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In Proceedings of XII European Conference on Cognitive Ergonomics 2004, D.J. Reed, G. Baxter, M. Blythe (eds.

Scenarios: Heuristics for action

Antonio Rizzo Margherita Bacigalupo

Università degli Studi di Siena Università degli Studi di Siena
Dipartimento di Scienze della Comunicazione Dipartimento di Scienze della Comunicazione
Via dei Termini, 6 Via dei Termini, 6
53100 Siena, Italy 53100 Siena, Italy

ABSTRACT future use becomes easier to discuss, to think about, and

This paper present a heuristic model to ease scenario to reason about—and thereby easier to design. For such
construction and usage in interaction design processes. reasons Carroll (1995, p. 6) describes them as the
We argue that the role of scenarios varies: I) along the “fulcrum” of the system development lifecycle.
design process, thus scenario building and usage have to The primary benefit of scenarios is thereby cognitive:
be attuned to the particular goal of the design phase; II) they are powerful artefacts in the activity of design, and
in respect to the people that will use them (e.g., design it is in this sense that they are considered in this article.
team, client, user), thereby scenarios have to suit in As any other artefact, in order to successfully achieve
structure and form the operations/manipulations people the goals they have been designed for, they have to
are asked to perform in interaction with these represents the modality of use of their content. The
“artefacts.” present paper aims at showing how designers can
The proposed model is exemplified by concrete support specific design phases and goals manipulating
scenarios coming from the work carried out by the scenarios in terms of structure and form.
authors in the CREA! project (Creative Research SCENARIOS AS ARTEFACTS MEDIATING THE
Environment for Air Traffic Management) funded by DESIGN PROCESS
EUROCONTROL, the European Organisation for the Scenarios can be used in different phases of the design
Safety of Air Navigation, under the CARE Innovative process: they are a very effective technique for
Action Programme. structuring data gathered through activity analysis, for
Keywords envisioning system role and functionalities, and finally
Design, methods, activity analysis, concept design, to assess and validate envisioned solutions.
mock-up, prototyping, evaluation. This means that scenarios themselves are design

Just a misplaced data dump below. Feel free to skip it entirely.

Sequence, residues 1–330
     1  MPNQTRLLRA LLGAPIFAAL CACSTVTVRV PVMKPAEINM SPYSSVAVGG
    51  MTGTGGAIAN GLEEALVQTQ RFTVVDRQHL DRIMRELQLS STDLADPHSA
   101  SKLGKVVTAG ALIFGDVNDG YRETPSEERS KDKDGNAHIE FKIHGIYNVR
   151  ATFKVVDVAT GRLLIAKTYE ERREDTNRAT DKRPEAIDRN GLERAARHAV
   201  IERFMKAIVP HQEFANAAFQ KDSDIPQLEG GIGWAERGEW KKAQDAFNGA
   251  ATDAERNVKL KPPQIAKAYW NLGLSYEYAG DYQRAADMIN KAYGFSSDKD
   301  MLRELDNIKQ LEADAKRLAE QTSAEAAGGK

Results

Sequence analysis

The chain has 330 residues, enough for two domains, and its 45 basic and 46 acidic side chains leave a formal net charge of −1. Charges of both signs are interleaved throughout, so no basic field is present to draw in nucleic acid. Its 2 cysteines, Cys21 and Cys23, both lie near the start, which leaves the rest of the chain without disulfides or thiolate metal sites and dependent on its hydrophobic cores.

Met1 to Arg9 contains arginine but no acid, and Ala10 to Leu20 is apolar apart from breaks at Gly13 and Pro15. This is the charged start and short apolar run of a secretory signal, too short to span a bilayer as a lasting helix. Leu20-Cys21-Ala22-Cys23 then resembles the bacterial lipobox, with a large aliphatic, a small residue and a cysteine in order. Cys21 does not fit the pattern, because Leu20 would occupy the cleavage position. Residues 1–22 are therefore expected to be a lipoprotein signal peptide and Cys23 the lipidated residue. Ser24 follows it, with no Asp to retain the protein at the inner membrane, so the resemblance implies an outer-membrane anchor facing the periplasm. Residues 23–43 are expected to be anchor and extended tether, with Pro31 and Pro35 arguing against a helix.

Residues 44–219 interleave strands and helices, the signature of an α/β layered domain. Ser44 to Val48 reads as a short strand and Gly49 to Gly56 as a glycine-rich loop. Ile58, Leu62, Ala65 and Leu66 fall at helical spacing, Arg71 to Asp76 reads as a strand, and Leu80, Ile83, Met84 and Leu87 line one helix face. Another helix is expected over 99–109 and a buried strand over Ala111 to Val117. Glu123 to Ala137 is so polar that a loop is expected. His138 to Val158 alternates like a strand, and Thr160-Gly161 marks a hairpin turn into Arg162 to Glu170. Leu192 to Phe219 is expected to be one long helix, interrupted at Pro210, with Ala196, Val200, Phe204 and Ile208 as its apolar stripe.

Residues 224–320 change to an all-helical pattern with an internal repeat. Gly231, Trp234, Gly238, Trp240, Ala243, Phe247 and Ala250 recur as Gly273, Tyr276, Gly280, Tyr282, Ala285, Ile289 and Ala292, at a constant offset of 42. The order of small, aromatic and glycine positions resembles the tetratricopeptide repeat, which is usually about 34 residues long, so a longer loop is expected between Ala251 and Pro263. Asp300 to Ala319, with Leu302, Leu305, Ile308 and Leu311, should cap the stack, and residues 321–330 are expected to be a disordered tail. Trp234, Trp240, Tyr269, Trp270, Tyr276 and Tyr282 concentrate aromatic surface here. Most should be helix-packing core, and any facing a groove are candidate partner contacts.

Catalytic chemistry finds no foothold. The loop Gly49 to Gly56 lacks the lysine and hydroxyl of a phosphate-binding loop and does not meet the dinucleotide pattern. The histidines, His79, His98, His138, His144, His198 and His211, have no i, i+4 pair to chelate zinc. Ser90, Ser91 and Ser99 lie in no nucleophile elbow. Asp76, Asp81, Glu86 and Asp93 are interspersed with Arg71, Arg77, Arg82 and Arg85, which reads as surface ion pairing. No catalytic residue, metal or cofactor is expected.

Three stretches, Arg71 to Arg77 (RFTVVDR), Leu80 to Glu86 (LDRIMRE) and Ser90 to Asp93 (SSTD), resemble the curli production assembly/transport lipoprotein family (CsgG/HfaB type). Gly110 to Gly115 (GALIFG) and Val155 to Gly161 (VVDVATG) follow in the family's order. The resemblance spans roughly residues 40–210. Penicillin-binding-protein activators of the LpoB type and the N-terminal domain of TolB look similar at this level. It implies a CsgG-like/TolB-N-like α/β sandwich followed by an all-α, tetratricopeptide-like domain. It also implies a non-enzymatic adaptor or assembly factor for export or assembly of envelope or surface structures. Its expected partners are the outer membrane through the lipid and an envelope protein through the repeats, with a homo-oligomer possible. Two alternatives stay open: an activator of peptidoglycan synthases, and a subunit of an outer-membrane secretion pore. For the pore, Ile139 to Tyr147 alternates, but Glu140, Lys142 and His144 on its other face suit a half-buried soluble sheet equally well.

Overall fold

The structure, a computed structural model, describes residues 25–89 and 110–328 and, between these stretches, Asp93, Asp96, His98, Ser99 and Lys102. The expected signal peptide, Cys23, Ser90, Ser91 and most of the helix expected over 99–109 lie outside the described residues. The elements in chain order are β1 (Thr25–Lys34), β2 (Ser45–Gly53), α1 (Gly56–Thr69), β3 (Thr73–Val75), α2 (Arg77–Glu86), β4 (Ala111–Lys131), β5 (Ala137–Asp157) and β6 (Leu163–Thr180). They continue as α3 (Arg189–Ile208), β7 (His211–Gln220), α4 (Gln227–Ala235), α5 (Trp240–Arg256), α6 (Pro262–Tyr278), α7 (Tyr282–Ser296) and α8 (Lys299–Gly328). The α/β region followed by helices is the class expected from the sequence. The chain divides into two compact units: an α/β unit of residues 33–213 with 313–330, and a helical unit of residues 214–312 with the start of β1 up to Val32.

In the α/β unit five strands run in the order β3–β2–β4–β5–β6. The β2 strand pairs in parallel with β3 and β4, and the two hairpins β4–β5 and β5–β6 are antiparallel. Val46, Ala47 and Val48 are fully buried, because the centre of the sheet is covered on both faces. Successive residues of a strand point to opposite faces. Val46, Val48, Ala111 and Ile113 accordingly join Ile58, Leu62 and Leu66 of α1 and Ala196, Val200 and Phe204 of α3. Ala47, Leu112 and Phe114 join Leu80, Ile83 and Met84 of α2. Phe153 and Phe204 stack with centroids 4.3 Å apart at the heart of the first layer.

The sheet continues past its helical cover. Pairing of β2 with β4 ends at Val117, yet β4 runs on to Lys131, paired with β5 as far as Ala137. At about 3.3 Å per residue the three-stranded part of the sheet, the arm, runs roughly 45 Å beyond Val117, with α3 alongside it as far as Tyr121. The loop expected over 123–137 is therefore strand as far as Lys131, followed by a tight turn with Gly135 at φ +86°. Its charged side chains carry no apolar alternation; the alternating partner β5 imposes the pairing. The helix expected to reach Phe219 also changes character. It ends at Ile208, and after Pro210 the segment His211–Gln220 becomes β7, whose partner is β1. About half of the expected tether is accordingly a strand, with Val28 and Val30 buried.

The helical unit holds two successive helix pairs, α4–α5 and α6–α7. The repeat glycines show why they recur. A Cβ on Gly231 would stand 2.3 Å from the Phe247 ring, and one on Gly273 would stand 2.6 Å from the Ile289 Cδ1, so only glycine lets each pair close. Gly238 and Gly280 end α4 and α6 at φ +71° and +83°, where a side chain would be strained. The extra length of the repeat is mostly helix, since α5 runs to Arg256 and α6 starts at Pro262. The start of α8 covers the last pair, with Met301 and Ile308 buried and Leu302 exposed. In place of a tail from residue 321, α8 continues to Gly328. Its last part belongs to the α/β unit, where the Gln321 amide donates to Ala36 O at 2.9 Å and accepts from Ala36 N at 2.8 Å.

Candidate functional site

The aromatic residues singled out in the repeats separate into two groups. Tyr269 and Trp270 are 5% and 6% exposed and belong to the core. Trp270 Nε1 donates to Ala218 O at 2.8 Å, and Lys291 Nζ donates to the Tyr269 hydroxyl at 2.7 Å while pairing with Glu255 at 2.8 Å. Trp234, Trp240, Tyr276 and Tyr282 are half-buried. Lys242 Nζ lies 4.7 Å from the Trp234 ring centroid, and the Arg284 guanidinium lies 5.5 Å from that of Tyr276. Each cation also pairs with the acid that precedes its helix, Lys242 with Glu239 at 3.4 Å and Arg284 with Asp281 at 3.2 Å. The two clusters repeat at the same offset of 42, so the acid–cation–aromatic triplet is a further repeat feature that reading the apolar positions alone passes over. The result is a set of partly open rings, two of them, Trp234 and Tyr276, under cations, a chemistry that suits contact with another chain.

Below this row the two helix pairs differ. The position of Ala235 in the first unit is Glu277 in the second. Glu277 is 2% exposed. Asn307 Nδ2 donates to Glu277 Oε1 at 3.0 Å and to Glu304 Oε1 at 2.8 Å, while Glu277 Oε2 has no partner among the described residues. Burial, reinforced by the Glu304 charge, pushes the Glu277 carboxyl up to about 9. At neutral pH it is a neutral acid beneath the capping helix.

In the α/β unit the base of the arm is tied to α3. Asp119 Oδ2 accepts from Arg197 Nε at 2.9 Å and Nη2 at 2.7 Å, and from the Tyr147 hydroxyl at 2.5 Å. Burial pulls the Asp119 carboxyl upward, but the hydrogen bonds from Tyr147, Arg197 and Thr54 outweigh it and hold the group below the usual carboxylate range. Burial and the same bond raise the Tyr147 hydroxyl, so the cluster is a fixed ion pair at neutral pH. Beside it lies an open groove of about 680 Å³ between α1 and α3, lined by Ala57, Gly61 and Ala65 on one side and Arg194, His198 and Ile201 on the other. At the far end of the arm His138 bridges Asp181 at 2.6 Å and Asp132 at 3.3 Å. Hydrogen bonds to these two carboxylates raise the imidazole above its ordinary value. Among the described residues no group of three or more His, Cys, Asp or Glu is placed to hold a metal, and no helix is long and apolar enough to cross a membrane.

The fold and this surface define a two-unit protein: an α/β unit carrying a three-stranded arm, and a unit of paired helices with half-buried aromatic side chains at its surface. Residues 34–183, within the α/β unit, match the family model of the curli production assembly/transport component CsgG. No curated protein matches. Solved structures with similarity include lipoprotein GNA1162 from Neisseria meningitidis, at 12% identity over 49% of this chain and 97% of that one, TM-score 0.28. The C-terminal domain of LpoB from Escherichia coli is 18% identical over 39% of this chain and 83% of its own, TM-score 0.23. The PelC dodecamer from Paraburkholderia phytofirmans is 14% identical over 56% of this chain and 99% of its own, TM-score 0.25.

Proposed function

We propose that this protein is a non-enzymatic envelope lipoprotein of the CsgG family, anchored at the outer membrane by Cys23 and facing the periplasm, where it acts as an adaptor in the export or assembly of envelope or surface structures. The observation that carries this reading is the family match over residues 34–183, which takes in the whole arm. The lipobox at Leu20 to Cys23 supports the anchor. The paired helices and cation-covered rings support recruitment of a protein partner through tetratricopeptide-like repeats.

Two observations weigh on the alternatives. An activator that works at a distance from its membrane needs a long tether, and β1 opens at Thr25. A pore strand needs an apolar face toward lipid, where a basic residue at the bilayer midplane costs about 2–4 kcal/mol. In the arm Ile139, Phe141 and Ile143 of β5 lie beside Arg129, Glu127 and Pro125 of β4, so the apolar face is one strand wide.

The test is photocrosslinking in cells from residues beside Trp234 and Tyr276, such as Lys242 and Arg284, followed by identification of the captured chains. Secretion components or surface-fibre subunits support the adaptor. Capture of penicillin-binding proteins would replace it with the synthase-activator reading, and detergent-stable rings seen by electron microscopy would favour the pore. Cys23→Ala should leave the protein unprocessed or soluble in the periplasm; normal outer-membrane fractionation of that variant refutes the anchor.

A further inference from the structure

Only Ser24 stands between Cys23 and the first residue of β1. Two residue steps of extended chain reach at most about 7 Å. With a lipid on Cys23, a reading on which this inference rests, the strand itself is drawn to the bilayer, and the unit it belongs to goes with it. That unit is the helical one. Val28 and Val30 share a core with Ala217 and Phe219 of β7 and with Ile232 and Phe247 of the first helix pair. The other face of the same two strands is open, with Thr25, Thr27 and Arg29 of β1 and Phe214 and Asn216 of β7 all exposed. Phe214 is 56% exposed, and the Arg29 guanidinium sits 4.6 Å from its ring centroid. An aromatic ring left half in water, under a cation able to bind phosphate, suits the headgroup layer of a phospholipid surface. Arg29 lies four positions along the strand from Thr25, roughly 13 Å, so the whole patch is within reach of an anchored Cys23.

INTRODUCTION objects, artefacts that evolve along the design process
Dictionaries define a scenario as “an outline of the plot being created, refined, dismissed and also sometimes
of a play or of a dramatic work”, or “a written version deleted. We argue that scenarios are heuristic tools, built
of a screenplay, etc., in a film production, with details to support design activities across the various steps of
of the scenes, etc.” In design, the future situation of use the design process. Such a support is built by modifying
is a scene where the artefact is being used, and a the role a scenario can play with respect to the goal of a
scenario serves to provide the details of such a scene, given activity and the stakeholders it involves, that is by
vividly enough to give a clear picture of what takes operating on two different components of a scenario: its
place there. John Carroll’s (1995) description captures narrative structure, and the privileged form it assumes.
the essence of scenarios remarkably well: The narrative aspects of scenario are essential since they
“The defining property of a scenario is that it projects a uncover the intentional factors that make
concrete description of activity that the user engages in comprehensible a sequence of events thus enabling
when performing a specific task, a description meaning negotiation. Narratives are representations that
sufficiently detailed so that design implications can be impose an interpretation over the sensible world,
inferred and reasoned about. Using scenarios in system structure experience, organize memory, and give reality
development helps keep the future use of the envisioned a unity that neither nature nor the past possess so
system in view as the system is designed and clearly.
implemented; it makes use concrete—which makes it Narratives, according to our elaboration of Kenneth
easier to discuss use and to design use”. (p. 4) Burke’s theory of dramatisation (1945), are constituted
Carroll makes clear the relation between how the of several elements: characters, mental states, a set and
scenario recreates “the future use of the envisioned a scene, a pace, artefact and agencies causing things to
system” ,and how it serves the designer’s work: this happen, conflicts and interactions modifying current
In Proceedings of XII European Conference on Cognitive Ergonomics 2004, D.J. Reed, G. Baxter, M. Blythe (eds.)

states, and finally resolutions. More into details, our characters and the scene, introduce some elements about
elements of a scenario are so defined: artefacts as agents that may modify occurring events
Narration point of view: Who introduces and presents and than let end-user manipulate the remaining elements
the human vicissitudes in the scenarios - The designers, (other agencies, conflicts/interactions, resolutions…).
the characters, the stakeholders. The matrix reported in Table 1 illustrates which
Main Characters: The persons of which vicissitudes we narrative elements are in the focus for the different type